Author: Girones, N.; Cuervo, H.; Fresno, M.
Description: Chagas’ disease, caused by Trypanosoma cruzi, has been considered a paradigm of infection-induced autoimmune disease. Thus, the scarcity of parasites in the chronic phase of the disease contrasts with the severe cardiac pathology observed in approximately 30% of chronic patients and suggested a role for autoimmunity as the origin of the pathology. Antigen-specific and antigen-non-specific mechanisms have been described by which T. cruzi infection might activate T and B cells, leading to autoimmunity. Among the first mechanisms, molecular mimicry has been claimed as the most important mechanism leading to autoimmunity and pathology in the chronic phase of this disease. In this regard, various T. cruzi antigens, such as B13, cruzipain and Cha, cross-react with host antigens at the B or T cell level and their role in pathogenesis has been widely studied. Immunization with those antigens and/or passive transfer of autoreactive T lymphocytes in mice lead to clinical disturbances similar to those found in Chagas’ disease patients. On the other hand, the parasite is becoming increasingly detected in chronically infected hosts and may also be the cause of pathology either directly or through parasite-specific mediated inflammatory responses. Thus, the issue of autoimmunity versus parasite persistence as the cause of Chagas’ disease pathology is hotly debated among many researchers in the field. We critically review here the evidence in favor of and against autoimmunity through molecular mimicry as responsible for Chagas’ disease pathology from clinical, pathological and immunological perspectives.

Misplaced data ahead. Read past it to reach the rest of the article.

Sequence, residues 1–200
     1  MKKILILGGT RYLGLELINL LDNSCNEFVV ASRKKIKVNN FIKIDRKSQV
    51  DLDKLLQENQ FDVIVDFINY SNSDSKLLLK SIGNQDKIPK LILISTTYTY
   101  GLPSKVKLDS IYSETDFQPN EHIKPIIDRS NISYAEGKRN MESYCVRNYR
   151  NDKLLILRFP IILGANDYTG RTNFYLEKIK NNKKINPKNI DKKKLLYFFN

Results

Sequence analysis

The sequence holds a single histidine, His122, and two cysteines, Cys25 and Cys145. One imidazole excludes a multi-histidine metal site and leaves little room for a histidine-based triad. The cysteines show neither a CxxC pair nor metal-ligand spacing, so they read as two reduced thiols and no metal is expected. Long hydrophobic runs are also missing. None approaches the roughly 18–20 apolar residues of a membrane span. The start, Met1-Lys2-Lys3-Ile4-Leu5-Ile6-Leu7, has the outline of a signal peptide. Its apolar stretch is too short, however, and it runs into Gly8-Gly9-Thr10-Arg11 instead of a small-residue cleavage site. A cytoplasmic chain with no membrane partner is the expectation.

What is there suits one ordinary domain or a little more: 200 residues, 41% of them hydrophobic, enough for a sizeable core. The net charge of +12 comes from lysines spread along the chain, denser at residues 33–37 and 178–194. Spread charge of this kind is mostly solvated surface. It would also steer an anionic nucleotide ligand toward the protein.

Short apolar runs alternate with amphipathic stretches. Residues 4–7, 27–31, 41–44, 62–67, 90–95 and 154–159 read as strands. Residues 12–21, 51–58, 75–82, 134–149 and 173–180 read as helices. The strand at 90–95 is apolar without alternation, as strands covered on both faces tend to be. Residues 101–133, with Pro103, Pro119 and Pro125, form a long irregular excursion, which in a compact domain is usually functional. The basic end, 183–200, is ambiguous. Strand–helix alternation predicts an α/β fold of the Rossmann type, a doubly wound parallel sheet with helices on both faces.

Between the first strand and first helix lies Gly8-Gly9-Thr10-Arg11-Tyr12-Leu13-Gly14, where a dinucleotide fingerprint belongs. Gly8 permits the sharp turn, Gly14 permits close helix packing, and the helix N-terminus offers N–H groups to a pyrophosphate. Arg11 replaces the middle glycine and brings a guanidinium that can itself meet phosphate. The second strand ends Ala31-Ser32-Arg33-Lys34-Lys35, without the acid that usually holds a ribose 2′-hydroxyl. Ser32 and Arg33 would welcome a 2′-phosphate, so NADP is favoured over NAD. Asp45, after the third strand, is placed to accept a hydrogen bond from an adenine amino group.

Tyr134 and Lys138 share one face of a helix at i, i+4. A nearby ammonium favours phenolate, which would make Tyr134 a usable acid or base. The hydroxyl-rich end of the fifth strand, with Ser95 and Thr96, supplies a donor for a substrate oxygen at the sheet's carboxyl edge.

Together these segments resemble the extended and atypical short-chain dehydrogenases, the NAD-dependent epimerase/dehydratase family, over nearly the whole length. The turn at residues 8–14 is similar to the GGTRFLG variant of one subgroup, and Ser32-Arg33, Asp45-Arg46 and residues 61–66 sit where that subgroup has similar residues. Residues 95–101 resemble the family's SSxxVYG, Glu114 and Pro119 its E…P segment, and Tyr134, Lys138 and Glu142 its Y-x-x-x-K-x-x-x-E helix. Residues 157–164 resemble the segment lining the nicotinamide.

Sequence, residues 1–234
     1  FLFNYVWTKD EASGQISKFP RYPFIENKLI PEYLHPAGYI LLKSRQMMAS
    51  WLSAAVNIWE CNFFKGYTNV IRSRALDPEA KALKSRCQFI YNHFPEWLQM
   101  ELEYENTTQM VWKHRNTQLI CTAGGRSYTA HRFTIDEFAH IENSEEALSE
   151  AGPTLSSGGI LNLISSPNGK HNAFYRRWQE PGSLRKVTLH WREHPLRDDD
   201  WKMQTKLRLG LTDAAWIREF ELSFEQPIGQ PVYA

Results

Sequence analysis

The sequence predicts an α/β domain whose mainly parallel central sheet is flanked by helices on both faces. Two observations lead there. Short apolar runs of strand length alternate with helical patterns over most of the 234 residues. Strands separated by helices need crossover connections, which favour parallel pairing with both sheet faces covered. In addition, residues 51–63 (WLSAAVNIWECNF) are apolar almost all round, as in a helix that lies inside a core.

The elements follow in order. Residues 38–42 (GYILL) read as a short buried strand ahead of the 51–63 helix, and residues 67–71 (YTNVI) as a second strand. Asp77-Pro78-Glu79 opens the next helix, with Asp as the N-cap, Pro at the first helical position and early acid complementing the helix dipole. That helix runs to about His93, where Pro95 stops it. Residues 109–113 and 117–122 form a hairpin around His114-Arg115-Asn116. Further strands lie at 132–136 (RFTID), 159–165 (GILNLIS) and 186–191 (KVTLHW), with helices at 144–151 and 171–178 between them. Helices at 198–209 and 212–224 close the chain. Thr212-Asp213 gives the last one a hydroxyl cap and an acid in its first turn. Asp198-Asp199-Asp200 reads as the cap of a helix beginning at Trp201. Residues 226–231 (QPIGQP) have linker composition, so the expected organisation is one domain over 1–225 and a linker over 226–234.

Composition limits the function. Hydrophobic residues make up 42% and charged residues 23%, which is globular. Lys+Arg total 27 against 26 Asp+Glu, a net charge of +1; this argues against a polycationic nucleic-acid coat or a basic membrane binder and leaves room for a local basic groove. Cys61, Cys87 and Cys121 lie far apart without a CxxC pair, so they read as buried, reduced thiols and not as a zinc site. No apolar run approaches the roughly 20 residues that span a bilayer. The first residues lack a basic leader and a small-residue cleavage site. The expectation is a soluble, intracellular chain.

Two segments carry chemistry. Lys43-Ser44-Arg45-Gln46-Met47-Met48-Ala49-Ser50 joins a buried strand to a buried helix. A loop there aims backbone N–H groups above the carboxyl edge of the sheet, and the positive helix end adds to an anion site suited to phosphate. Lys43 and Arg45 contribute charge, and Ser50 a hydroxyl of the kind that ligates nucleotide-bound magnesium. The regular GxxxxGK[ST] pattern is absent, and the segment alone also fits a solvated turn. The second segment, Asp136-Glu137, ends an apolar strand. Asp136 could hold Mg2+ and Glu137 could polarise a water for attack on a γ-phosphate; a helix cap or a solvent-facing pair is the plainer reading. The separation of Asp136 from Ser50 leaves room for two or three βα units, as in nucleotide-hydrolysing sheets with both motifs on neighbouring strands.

Subject headings: Animals; Antigens, Protozoan/immunology; Autoantigens/immunology; Autoimmunity; B-Lymphocytes/immunology; Chagas Cardiomyopathy/etiology/immunology/parasitology; Chagas Disease/etiology/immunology/parasitology; Epitopes; Helminth Proteins/immunology; Humans; Lymphocyte Activation; Molecular Mimicry/immunology; Myosins/immunology; Protozoan Proteins/immunology; Ribosomal Proteins/immunology; T-Lymphocytes/immunology; Trypanosoma cruzi/growth & development/immunology/pathogenicity
Publication year: 2005
Journal or book title: Current Topics in Microbiology and Immunology
Find the full text : https://link.springer.com/chapter/10.1007/3-540-30791-5_6
Find more like this one (cited by): https://scholar.google.com/scholar?cites=11251597886687269219&as_sdt=1000005&sciodt=0,16&hl=en
Type: Journal Article
Serial number: 558